The Cape of High Sensitivity

I’ve recently stumbled on the concept of the Highly Sensitive Person. An HSP, according to the Observer is somebody who can experience traits such as a dislike of crowded places, feeling too cold or hot, discomfort from extreme light or dark, and panic when the other senses are overstimulated. You might think that HSP is an autism spectrum condition but it also includes empathy for the emotions and plights of other people, animals, and other entities e.g. the pain supposedly felt by freshly cut flowers

Although autism does not necessarily mean an inability to empathise, the name of the condition derives from the self (auto) being somebody’s main focus. Being an HSP from what I understand, suggests an ability to not only understand what another person is going through but to be able to feel it too. A close associate of mine for example cries at TV adverts promoting charities for abused donkeys or Christmas-time TV films proving that horses can indeed fly. HSP can include the ability to be deeply compassionate.

My daytime job is helping people find new careers and supporting them prepare for a new work role. It’s about managing change and shifting self-perception e.g. today I was persuading a former highly-paid investment banker that their present situation means they need to start again, perhaps as a bookkeeper or an administrator. It’s very hard for people to let go of the past and making them face reality is challenging. I explained how I have made a similar journey and that I had to make the same kind of transition. Once people understand that my empathy comes from first-hand experience they are usually more amenable to taking my advice. 

The people I help fall into these categories: 

  • Those who want to work, 
  • Those that pretend they want to work 
  • Those who are genuinely too unwell to work
  • People who are well enough to work but don’t feel it 
  • Others are well enough to work but pretend they are not. 

Through working with a vast variety of people, I reckon I have developed my HSP skills. In addition, I am also able to turn this superpower on and off.

One client, let’s call him Vladimir, came storming into my office. He had no appointment and yelled in pidgin Esperanto that as a fellow Italian speaker (?) I was obligated to help him. I had no idea how he knew I spoke Italian or how he got through security. Equally, I didn’t like the idea of somebody ordering me to help them. However, I donned my HSP cape, asked Vladimir to sit down, and did my best to tell myself I would not judge him and I would calm him down and then help him.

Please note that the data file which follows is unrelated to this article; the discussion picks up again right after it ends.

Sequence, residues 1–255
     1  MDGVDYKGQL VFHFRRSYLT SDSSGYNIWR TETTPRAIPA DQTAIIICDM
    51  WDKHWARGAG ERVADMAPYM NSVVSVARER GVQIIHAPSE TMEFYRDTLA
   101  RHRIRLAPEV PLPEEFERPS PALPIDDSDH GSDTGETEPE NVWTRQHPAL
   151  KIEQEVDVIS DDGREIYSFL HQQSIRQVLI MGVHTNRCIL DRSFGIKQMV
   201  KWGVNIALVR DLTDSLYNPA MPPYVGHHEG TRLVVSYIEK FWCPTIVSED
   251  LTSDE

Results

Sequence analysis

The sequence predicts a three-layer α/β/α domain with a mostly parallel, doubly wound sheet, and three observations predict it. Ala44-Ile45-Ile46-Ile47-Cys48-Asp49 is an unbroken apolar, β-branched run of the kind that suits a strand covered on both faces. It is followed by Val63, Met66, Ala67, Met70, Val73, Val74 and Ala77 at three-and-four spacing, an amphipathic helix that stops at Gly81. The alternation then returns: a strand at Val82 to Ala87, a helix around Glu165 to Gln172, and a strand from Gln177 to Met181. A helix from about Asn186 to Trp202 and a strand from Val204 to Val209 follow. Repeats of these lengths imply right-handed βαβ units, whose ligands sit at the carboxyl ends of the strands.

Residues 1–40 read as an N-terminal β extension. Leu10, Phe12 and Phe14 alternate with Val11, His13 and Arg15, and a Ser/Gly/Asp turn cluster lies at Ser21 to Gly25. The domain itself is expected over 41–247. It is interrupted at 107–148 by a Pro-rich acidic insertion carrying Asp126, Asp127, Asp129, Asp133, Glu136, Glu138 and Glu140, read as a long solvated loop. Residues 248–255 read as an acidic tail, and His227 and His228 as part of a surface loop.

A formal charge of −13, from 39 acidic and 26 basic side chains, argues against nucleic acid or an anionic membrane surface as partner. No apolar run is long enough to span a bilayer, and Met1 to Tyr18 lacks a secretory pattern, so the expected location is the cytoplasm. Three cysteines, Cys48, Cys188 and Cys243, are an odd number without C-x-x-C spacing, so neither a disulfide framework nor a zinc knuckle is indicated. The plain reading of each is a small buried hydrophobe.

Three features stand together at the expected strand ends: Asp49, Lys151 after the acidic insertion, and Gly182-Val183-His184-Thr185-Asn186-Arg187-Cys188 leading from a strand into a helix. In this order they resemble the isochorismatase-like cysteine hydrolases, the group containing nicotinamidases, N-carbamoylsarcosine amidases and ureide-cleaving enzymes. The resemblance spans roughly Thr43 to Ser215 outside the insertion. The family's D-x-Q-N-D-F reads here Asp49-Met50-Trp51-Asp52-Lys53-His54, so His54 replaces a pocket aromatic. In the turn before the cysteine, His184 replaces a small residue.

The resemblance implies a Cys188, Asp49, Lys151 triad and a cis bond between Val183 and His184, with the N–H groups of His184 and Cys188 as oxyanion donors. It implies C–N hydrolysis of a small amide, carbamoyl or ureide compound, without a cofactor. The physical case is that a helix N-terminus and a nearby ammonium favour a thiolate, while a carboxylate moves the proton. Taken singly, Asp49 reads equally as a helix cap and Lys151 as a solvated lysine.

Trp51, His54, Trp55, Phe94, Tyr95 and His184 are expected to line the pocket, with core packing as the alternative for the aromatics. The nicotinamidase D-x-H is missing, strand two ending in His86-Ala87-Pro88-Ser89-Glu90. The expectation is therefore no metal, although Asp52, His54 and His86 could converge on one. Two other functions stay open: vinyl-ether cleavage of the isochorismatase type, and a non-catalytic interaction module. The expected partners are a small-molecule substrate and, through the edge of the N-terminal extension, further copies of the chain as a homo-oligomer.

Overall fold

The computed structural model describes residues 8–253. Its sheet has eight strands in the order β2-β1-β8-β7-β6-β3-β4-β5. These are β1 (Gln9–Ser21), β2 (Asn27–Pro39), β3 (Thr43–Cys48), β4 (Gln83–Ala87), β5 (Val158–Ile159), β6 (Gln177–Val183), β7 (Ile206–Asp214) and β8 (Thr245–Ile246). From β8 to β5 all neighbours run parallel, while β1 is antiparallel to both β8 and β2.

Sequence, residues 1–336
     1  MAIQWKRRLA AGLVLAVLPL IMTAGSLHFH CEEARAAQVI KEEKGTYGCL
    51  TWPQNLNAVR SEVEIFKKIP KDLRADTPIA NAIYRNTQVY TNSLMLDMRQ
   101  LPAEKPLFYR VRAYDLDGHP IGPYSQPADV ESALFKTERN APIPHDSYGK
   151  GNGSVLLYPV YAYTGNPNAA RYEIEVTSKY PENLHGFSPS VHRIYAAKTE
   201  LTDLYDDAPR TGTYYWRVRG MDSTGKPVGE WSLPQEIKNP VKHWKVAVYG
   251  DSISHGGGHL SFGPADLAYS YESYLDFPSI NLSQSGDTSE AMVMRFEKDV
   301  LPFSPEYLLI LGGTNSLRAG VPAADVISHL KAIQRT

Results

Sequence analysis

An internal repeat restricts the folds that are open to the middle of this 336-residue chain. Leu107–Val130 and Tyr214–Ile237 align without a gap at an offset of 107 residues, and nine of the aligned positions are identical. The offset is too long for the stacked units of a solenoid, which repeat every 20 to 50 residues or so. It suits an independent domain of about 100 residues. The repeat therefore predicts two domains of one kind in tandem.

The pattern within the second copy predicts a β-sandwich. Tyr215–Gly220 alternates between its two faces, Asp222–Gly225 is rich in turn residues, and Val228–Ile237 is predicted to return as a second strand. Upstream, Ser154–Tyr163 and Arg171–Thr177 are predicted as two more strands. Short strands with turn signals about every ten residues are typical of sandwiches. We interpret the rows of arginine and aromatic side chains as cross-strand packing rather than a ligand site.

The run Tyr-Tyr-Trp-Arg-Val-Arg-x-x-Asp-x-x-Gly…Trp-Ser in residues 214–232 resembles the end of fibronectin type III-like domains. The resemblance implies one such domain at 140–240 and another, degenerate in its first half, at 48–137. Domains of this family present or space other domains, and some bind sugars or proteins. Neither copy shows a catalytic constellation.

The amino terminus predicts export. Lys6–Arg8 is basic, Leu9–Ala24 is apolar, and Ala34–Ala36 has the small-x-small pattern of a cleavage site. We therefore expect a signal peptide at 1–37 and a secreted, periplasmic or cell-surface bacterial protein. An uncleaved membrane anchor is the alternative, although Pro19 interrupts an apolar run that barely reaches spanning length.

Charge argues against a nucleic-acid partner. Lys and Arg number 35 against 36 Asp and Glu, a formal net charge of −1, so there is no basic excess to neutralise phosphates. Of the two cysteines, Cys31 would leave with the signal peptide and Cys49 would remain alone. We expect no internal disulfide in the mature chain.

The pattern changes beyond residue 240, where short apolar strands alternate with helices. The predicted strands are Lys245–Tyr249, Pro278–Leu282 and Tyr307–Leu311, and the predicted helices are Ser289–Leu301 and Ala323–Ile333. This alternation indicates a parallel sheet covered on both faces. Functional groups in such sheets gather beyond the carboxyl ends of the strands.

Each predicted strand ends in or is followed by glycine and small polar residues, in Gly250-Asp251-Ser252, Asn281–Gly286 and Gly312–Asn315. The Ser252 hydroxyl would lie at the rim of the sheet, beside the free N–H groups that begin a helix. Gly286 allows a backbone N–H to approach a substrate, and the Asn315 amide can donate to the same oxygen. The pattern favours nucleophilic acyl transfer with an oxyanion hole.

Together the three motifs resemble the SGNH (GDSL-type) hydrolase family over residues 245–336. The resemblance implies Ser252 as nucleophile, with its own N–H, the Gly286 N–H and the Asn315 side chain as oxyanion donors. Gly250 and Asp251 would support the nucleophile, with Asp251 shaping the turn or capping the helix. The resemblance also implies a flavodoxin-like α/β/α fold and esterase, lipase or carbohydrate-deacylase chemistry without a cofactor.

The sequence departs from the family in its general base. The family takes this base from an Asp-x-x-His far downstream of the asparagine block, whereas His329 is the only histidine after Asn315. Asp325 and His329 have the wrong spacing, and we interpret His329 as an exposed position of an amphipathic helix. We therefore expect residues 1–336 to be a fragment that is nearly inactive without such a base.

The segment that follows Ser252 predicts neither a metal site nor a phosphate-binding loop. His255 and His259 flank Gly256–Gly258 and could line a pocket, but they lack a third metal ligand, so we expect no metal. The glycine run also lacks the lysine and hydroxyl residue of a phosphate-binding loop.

The outcome was not good. I checked through his files and could see he was an inveterate liar. He lied about his skills, his qualifications, where he lived and even his right to be living in this country. If he was proving to be unsuitable and unreliable in front of me, how could I possibly help him to work for an unsuspecting employer? The result is that I know nothing about Vladimir and while that’s the case, he is basically useful to nobody. Through his shouting and yelling, I tried to view his uselessness as something to feel sympathy for. But I couldn’t. My sensitivity cape was slipping because this person had no redeeming features. In addition, the fact I could not get through to Vlad and influence him to moderate his high-volume approach began to undermine my confidence too.

My low mood continued when I saw Maude sitting in the waiting zone. Maude was slumped in a chair and had an awkwardness about her. She was waiting to see an absent colleague and I toyed with the idea of avoiding dealing with her by pretending to be on a phone call. However, I allowed the words ‘wake up and don’t judge’ to step back into my consciousness and I invited her to sit by my desk. 

Maude, I realised, had learning difficulties. She had no airs and graces and told me directly she was worried about being evicted from her rented property. She was sad and vulnerable. I donned my fallen metaphoric cape and managed to contact her support worker who miraculously resolved the issue within minutes. Other than the phone call, I did little of great value but had the honour of being able to tell Maude that she now had nothing to worry about. She looked relieved and I smiled at her. Job done. 

Maude left and I shed a tear. The unfairness of the human species had been put on hold and I was an effective, useful HSP once again. I realised, however, that this mutual satisfaction only came about because I met somebody who was as honest as she was unfortunate. 

I know I should try to see Vladimir through sympathetic eyes. It’s possible that he too he has a genuinely sad tale to tell.

On the other hand, he might be just a scoundrel.